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How to Use Home Design to Benefit Seniors with Dementia

A well designed home can promote greater independence for seniors living with dementia, provided the modifications keep cognitive impairments in mind. These simple accommodations, brought to you by the Lancaster dementia care experts at Home Care Assistance, can enhance your elderly loved one’s life while ensuring his or her safety and comfort.

Provide Quality Lighting

Seniors with dementia should have a combination of natural and artificial light in their homes. Well-lit hallways and focus points of a room can assist your loved one with finding his or her way through the home. Natural lighting can also help regulate your loved one’s sleep cycles and reduce incidences of sundowning. However, when installing lighting, it is important to avoid creating glares and shadows because seniors with dementia can misinterpret them as other things, such as a puddle on the floor.

Modify for Accessibility

Many seniors with dementia also have limited mobility, which leaves them at greater risk for falls. Make sure staircases in your loved one’s home have handrails, and install grab bars in the bathroom. Since many people with dementia develop a shuffling gait in the later stages of the disease, removing doorsills and rugs can also make it easier and safer for them to move throughout the home.

Use Color and Contrast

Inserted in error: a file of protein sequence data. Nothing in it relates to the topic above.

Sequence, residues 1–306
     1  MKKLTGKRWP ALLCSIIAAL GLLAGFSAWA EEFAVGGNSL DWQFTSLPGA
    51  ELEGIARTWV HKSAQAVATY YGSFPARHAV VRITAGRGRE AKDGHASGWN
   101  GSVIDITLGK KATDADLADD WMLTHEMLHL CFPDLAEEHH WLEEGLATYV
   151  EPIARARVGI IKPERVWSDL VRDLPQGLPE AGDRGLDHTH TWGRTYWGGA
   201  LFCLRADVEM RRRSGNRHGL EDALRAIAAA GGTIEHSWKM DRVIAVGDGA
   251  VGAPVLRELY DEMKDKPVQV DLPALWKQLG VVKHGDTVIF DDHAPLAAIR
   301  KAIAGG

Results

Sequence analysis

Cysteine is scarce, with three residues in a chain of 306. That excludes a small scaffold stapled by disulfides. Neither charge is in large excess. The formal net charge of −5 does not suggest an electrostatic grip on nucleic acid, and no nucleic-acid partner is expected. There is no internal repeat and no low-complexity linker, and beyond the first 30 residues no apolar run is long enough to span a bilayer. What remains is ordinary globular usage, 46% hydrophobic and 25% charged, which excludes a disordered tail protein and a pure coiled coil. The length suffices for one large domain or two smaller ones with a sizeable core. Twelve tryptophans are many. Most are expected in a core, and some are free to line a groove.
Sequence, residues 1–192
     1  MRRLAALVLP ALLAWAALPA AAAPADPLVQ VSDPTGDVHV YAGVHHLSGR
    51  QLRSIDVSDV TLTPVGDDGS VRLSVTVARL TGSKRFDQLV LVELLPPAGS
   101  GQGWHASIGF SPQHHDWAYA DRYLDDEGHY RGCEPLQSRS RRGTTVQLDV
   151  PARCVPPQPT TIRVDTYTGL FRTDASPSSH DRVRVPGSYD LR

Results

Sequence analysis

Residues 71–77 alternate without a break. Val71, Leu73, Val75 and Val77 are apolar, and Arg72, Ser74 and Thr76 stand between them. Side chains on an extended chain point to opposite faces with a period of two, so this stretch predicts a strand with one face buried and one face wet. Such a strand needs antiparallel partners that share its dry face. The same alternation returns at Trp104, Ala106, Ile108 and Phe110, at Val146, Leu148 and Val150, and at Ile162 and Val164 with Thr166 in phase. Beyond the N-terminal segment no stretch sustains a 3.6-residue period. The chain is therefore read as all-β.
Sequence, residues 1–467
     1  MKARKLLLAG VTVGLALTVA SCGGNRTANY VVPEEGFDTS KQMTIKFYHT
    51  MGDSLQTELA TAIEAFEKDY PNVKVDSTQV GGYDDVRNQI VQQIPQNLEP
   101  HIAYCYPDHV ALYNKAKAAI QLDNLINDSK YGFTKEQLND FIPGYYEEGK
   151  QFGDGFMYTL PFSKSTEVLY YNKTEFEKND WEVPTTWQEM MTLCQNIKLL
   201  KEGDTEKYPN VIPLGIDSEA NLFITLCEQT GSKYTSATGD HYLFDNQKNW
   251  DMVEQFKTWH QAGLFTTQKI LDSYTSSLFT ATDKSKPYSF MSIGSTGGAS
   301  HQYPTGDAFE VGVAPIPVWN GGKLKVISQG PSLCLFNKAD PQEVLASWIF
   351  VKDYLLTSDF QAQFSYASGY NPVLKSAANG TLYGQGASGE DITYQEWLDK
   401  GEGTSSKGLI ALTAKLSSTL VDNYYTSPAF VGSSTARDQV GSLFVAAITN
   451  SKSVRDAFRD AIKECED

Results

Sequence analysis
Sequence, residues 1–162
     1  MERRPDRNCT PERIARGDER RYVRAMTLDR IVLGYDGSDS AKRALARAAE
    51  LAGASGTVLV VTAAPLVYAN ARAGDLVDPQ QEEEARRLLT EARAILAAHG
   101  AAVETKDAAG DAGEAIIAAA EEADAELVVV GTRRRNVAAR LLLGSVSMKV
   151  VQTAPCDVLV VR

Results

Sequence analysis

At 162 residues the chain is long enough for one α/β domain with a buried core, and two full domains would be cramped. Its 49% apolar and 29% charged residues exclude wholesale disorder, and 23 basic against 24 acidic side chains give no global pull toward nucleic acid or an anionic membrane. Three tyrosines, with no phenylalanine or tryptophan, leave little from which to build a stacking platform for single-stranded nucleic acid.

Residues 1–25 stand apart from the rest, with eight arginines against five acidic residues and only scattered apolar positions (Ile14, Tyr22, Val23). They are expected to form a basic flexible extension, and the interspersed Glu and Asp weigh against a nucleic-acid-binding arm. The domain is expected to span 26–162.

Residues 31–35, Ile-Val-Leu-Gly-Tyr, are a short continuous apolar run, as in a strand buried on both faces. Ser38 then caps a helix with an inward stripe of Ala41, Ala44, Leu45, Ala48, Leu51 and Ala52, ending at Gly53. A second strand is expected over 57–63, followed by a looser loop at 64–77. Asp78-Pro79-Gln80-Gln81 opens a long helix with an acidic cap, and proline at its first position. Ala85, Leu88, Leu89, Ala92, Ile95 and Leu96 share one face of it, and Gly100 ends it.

Color can be used to emphasize important areas of the home and to camouflage areas your loved one shouldn’t access. For example, painting a bathroom door a bright shade in a home with a neutral color scheme can make it easier for your loved one to find it. Alternatively, knobs on the doors leading outside can be painted the same shade as the door to reduce the risk of wandering.

Add Safety Features

As dementia progresses, symptoms such as confusion or forgetfulness become more common, which can place your loved one’s safety at risk. Install door alarms and electronic locks to prevent wandering, and choose appliances with automatic shutoff features. Adding lockable cabinets in the kitchen and bathrooms can also prevent your loved one from accessing dangerous household products.

Though making changes to the home can be a great help for seniors with dementia, there are other factors to take into consideration. If your loved one needs mental stimulation or help around the house, turn to Home Care Assistance. Our expertly trained caregivers can engage your loved one in activities designed to boost brain health, and they can also help with tasks like cooking, cleaning, and bathing. For more information on senior home care Lancaster families can count on, call one of our experienced Care Managers at (717) 540-4663 to schedule a no-obligation consultation.